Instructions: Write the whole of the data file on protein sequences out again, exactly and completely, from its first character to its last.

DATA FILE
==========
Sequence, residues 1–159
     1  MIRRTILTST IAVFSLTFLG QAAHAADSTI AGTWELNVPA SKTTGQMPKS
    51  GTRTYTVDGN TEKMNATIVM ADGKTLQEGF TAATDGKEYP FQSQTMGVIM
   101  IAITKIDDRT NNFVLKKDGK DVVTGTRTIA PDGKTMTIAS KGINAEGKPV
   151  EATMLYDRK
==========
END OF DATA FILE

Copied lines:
Sequence, residues 1–159
     1  MIRRTILTST IAVFSLTFLG QAAHAADSTI AGTWELNVPA SKTTGQMPKS
    51  GTRTYTVDGN TEKMNATIVM ADGKTLQEGF TAATDGKEYP FQSQTMGVIM
   101  IAITKIDDRT NNFVLKKDGK DVVTGTRTIA PDGKTMTIAS KGINAEGKPV
   151  EATMLYDRK